Hello Again…

It has been quite some time since my last post. I just haven’t felt like writing for some reason. Perhaps, life has just been too hectic, or maybe I just have been a bit lazy. Sometimes, it is difficult to just stop and take stock of the things going on around you.

Life can seem fairly monotonous. Working from home, as I have been doing for over a year, has added to this feeling. Things seem to be slowy getting back to “normal.” I have returned to my office a few days a week. This has brought back some much needed structure to my life. Staying home everyday to work while I am in my pajamas didn’t seem to give me much of a purpose.

A lot has changed within the last year. Baby Boy is now walking and saying a few words, such as “dad.” Being a dad is such a wonderful experience. I have learned a lot about myself. In addition, I think I have learned the entire catalog of “Wiggles” songs. YouTube and Netflix come in handy when you are quarantined.

Amanda and I have been blessed with so much good. Despite, challenges related to health, 2020 was a very prosperous year. It is hard to believe that we are almost halfway through 2021. God has been good to us, even when we have not taken notice.

I look forward to seeing what the rest of the year holds. We will be taking a family vacation to Florida in June. I am excited to see Baby Boy play on the beach. I’m wondering what his reaction will be when he first sees the Gulf of Mexico. I’m sure we will build some sandcastles. Well, I’ll build and he will sit on them halfway through their construction.

Looking at life through the eyes of a little one has given me a new perspective. Everything is new and exciting. Nothing is left untouched. Everything has to be tasted, even cat food. Maybe life is not so monotonous after all. How can it be when every day is a new experience?

Advice From a Father

I lost my father when I was just 12 years old. At different times I have felt cheated because of this. For instance, my brothers and I missed out on having our dad there to witness most every milestone of our lives. He was not there to see any of us graduate from high school. Likewise, he missed seeing any of us get married. Most importantly, he never got to meet any of his grandchildren.

Recently, I was speaking with a friend about some personal problems I have been having and she asked me, “what advice would your dad give you?” This is something I have never thought about. I’d never really had the opportunity to ask my dad for much advice. Ever since I was asked this question I have thought about what advice my dad would have for me today.

I am a father now and I look forward to guiding my child through the obstacles of life. This fatherly guidance is something that I did not have as I was going through adolescence, which is a critical period in any young person’s life. So, what would my dad have to say to me today?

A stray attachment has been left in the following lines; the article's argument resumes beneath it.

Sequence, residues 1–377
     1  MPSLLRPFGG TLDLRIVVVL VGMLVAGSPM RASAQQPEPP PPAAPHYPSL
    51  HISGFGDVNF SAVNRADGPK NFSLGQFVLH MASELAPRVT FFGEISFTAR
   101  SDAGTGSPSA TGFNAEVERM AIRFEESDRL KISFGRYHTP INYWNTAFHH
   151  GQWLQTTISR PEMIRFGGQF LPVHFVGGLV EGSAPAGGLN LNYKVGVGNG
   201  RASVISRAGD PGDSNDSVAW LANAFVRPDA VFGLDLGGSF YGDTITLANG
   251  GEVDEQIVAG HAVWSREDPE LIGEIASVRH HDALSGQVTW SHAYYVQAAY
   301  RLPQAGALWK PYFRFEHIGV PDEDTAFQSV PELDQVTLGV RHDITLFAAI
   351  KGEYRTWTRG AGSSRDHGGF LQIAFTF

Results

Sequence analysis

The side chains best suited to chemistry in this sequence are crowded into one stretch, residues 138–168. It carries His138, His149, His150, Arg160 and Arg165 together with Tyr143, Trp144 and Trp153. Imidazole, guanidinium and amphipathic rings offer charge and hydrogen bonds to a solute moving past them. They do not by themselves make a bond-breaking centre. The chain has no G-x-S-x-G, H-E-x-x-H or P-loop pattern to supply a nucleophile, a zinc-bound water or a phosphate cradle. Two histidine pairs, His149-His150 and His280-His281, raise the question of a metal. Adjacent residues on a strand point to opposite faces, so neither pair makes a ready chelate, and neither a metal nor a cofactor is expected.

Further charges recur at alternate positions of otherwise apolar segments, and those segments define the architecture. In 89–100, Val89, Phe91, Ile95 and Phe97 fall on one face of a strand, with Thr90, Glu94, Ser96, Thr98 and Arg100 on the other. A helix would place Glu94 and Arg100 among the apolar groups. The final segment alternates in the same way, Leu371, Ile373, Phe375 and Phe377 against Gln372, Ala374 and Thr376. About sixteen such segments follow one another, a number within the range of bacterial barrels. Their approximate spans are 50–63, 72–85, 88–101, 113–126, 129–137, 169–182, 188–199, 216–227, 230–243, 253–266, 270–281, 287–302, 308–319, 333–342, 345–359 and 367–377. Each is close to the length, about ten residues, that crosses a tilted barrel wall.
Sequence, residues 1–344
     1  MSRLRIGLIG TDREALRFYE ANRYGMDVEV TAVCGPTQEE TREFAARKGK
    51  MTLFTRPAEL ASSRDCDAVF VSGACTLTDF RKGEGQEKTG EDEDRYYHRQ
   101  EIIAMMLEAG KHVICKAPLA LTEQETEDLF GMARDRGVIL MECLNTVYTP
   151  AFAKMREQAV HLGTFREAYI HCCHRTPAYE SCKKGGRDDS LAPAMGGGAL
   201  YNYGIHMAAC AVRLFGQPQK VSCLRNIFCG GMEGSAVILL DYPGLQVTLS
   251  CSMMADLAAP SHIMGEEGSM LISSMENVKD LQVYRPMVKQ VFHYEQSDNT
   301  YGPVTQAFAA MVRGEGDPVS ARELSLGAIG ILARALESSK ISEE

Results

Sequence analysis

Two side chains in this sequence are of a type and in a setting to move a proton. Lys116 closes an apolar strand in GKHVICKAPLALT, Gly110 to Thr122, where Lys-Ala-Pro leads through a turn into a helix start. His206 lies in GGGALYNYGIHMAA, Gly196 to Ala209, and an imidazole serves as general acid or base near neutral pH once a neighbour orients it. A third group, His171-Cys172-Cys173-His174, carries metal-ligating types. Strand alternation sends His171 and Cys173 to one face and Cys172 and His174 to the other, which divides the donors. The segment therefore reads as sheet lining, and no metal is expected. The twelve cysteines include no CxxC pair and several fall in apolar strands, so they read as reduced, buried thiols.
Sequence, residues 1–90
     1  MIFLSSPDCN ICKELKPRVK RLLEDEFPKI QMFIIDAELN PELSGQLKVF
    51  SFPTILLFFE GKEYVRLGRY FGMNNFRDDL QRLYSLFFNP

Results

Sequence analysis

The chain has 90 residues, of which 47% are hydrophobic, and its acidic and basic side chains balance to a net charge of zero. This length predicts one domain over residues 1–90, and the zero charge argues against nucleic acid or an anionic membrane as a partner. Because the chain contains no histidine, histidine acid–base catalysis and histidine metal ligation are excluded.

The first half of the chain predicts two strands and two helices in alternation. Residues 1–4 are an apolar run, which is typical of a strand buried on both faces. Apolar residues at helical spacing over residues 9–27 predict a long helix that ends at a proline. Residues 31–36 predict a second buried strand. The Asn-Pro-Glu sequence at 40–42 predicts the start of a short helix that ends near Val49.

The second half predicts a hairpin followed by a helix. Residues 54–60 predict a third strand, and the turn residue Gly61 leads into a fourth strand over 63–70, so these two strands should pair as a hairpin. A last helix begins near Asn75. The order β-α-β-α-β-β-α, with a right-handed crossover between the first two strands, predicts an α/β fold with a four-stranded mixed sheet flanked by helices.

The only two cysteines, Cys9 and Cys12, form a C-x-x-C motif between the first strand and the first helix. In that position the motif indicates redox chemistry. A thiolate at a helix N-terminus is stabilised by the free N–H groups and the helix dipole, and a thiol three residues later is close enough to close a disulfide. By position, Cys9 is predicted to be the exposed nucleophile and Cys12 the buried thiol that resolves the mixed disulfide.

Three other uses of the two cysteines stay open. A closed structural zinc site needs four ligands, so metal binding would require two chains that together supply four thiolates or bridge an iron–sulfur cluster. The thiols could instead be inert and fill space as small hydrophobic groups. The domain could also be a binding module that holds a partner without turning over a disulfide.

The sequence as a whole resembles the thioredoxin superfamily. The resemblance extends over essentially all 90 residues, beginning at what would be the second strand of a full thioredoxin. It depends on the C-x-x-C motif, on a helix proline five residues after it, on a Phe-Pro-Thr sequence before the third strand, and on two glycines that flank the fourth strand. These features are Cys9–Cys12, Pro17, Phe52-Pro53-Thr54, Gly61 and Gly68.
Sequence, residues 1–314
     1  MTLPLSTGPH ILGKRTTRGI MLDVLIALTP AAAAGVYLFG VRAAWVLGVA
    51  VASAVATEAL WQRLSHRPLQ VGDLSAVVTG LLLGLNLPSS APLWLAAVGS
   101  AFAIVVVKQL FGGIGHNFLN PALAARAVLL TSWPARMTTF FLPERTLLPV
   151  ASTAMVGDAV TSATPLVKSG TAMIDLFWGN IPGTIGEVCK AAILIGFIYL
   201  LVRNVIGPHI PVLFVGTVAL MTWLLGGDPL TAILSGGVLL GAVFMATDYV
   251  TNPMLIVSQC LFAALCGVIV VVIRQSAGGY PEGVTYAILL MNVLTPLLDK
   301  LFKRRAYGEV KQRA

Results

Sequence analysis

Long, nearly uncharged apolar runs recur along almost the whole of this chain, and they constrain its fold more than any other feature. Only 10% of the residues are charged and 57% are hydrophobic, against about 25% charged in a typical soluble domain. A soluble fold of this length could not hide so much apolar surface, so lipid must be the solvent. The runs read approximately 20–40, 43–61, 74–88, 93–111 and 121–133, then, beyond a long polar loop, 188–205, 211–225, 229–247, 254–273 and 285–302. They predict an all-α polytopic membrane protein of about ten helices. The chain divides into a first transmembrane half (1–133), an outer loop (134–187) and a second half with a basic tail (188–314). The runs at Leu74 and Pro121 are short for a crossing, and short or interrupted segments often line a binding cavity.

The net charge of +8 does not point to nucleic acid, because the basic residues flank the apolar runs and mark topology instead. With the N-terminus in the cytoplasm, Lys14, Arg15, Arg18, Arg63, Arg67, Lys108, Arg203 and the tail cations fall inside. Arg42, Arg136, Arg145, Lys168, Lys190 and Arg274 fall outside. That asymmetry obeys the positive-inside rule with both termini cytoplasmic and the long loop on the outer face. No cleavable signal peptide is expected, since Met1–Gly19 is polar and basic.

My dad was a man with much integrity. He was also a person that doubted at various periods in his life. However, before he died I believe he was able to lay down his burden of doubt and was at peace. I’m a lot like my dad in many ways. I am stubborn, selfish with my time, and I have my own doubts that I carry.

I believe if I was to sit down with my dad today, he’d tell me to let go of doubt. I think with age my dad also would have become more giving of his time. He’d probably tell me that I need to be more open to this as well. Likewise, I am sure he’d probably let me know he is proud of me. This is perhaps what I need to hear the most. I often doubt my own abilities. I’d like to hear my dad say I am good at what I do. Hearing it from his lips might actually allow me to believe it for once.

My dad was skilled at so many ways. I wish I could have learned to do all of the things he knew how to do. His work was something in which he took pride. I think having some of his knowledge would make me more confident as a man. However, I have my own skills, which I look forward to passing down to my son. This will be a way for me to honor my dad’s memory. I’ll never be able to do the things my dad did. However, I know he’d proud of me for succeeding in life.

I don’t believe my dad is watching over me. I think he is spending eternity in Heaven where there is no sorrow. I have hope I will see him again. There are a lot of questions I have for him.

Wild Turkey and a Bowling Ball!

I think God often brings people into my life as a way of teaching me things. For instance, I recently met an older gentleman who has lived a life fit for a screenplay. Jack, as I will call him, is nearly 80 years old. He served a few different tours in Vietnam. He also has lost most of his hearing. Communicating with him was difficult, however, it was time well spent.

Jack is a man whose life experiences could fill volumes. I enjoy meeting these types of people, as their stories are so often rich with historical insight and humor. Jack went to Vietnam in the early stages of the war. He stayed until the United States was firmly entrenched within the conflict. He was a Marine, and fiercely proud of that.